The 2012 outlook for the nation's state housing finance agencies (SHFAs) remains negative, according to a new report issued by Fitch Ratings, which blamed its lack of enthusiasm on an ‘anemic economic recovery’ and the rating agency's recent downgrading of the U.S. government's rating outlook to a negative rating.
‘The slow economic recovery has put enormous pressure on homeowners, and despite government initiatives, the housing market remains weak,’ says Fitch Ratings. ‘Conventional mortgage rates are at all-time lows, making the SHFA bond program mortgage products less competitive. The revision of the U.S. government's rating outlook to 'negative' has caused a corresponding negative rating outlook for those municipal housing bonds that are secured by Ginnie Mae (guaranteed by the U.S. government), Fannie Mae, or Freddie Mac mortgage-backed securities.’
Fitch Ratings adds that ‘pressures remain on the profitability of the SHFAs, causing the outlook for the tax-exempt housing sector to remain negative. Fitch expects that fiscal 2012 will continue to be just as challenging for loan production and asset management as the last three years given the continued economic uncertainty, depressed housing market, and high unemployment rates. The longer the economy takes to recover, the more downward credit pressure SHFAs will face, and this could translate into issuer and mortgage program downgrades in 2012-2013.’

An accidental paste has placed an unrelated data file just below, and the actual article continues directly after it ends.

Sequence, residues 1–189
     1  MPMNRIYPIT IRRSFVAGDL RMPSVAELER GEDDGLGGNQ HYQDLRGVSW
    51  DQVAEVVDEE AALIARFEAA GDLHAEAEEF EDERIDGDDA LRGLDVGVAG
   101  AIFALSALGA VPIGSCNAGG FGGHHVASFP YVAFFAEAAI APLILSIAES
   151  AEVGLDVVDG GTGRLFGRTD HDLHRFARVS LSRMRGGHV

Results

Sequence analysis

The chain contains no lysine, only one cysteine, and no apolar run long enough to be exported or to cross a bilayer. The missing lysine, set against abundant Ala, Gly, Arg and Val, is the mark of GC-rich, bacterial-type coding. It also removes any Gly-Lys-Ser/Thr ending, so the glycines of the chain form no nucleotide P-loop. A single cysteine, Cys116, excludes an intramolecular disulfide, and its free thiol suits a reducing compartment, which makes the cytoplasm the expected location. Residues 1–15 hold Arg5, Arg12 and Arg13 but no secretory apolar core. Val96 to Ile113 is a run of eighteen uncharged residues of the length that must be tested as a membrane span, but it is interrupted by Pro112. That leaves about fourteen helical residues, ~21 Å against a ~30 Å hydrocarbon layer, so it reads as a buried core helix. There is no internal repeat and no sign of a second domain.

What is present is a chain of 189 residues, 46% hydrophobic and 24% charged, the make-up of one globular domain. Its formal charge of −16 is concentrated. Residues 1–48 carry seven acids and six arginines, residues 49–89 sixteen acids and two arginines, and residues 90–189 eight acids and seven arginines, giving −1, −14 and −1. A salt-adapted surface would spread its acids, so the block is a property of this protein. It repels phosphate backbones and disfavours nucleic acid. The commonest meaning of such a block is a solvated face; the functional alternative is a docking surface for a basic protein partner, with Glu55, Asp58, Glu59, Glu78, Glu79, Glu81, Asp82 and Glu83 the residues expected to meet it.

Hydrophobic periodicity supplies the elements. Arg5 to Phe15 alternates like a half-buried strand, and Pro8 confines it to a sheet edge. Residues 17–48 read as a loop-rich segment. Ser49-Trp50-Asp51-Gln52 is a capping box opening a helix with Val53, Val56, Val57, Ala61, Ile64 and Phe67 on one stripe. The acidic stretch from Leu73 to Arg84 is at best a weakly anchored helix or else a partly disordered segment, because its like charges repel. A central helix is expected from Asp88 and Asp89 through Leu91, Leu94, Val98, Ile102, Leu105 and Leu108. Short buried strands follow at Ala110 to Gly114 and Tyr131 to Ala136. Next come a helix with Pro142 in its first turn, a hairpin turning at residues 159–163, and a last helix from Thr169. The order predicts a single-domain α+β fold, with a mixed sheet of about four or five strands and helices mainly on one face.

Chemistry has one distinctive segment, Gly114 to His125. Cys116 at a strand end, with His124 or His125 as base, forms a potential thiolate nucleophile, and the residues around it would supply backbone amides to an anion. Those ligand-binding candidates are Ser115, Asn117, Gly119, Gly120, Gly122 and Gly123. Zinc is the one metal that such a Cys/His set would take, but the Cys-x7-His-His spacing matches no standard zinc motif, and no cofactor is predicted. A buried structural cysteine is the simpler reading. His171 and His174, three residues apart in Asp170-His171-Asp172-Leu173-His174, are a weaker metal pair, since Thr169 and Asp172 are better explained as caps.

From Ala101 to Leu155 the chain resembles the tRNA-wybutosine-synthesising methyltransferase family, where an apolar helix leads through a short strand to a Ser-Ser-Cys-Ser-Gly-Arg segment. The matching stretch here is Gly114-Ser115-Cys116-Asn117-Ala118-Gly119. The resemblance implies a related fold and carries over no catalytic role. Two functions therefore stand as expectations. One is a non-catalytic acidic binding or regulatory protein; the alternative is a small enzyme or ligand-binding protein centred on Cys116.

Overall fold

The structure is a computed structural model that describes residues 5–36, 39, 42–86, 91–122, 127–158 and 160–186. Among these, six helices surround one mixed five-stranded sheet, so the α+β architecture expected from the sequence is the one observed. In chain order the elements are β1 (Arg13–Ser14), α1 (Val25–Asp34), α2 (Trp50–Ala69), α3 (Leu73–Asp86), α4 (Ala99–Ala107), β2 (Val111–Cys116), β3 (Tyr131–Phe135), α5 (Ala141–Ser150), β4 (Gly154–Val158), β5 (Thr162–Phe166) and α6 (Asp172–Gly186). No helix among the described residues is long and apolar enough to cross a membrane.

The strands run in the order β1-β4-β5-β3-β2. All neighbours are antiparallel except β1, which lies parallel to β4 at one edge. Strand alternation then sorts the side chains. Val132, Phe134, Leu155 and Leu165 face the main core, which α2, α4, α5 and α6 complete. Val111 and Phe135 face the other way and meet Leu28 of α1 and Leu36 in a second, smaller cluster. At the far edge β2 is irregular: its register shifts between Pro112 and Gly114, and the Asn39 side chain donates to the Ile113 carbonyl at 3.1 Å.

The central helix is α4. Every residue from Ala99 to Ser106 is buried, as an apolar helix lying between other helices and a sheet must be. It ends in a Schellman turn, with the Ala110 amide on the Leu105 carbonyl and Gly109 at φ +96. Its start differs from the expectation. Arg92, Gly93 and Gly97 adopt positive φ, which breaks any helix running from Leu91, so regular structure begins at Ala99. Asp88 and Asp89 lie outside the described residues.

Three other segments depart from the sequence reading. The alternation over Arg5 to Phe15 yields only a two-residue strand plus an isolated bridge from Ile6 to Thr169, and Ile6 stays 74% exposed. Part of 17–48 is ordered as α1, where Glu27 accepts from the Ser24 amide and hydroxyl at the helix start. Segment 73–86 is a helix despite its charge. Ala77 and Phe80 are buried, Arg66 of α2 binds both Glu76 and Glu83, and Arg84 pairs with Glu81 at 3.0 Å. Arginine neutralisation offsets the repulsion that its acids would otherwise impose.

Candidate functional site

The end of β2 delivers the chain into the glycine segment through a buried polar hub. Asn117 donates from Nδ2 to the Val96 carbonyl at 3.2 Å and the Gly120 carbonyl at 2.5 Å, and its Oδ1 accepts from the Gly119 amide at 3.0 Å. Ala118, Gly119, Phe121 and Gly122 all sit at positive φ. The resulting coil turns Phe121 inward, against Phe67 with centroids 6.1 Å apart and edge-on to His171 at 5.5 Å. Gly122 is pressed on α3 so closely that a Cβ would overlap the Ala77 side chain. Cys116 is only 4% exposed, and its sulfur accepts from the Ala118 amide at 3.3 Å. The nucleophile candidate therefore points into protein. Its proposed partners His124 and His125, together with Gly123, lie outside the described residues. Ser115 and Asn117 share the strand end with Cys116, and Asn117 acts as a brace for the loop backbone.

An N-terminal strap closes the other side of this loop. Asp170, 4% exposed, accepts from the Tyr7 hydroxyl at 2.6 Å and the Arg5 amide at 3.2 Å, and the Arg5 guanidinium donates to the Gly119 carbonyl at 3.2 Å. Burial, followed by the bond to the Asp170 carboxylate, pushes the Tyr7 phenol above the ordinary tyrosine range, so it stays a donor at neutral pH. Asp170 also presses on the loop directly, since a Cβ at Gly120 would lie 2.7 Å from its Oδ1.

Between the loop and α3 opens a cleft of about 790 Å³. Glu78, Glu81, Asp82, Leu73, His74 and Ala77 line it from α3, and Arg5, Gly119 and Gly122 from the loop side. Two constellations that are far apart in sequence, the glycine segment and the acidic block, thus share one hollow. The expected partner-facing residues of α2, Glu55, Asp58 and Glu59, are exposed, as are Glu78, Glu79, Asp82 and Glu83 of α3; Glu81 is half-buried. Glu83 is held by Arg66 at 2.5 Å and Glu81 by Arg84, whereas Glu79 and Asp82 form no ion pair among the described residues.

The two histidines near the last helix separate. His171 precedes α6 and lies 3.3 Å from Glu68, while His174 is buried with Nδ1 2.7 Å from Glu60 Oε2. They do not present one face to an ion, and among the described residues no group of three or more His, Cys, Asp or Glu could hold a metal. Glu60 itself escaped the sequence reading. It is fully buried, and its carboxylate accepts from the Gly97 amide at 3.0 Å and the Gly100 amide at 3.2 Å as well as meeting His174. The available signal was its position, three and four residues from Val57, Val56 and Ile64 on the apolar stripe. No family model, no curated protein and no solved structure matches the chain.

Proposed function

However, Fitch Ratings held out the possibility that 2012 could turn into a good year for the SHFAs.
‘Fitch's sector outlook could be revised to stable if there is: an increase in SHFA mortgage bond loan production; continued new business revenues; and, a rise in short-term interest rates (that could lead to increases in SHFA investment earnings), which together could restore SHFA profitability,’ the ratings agency says. ‘Additionally, housing market price stabilization, improved loan portfolio performance, return of long-term bond buyer demand and economically priced liquidity facilities would contribute to a stable rating outlook for the tax-exempt housing sector. In addition, a change in the government's rating or outlook would impact Fitch-rated housing bonds directly tied to the U.S. government rating.’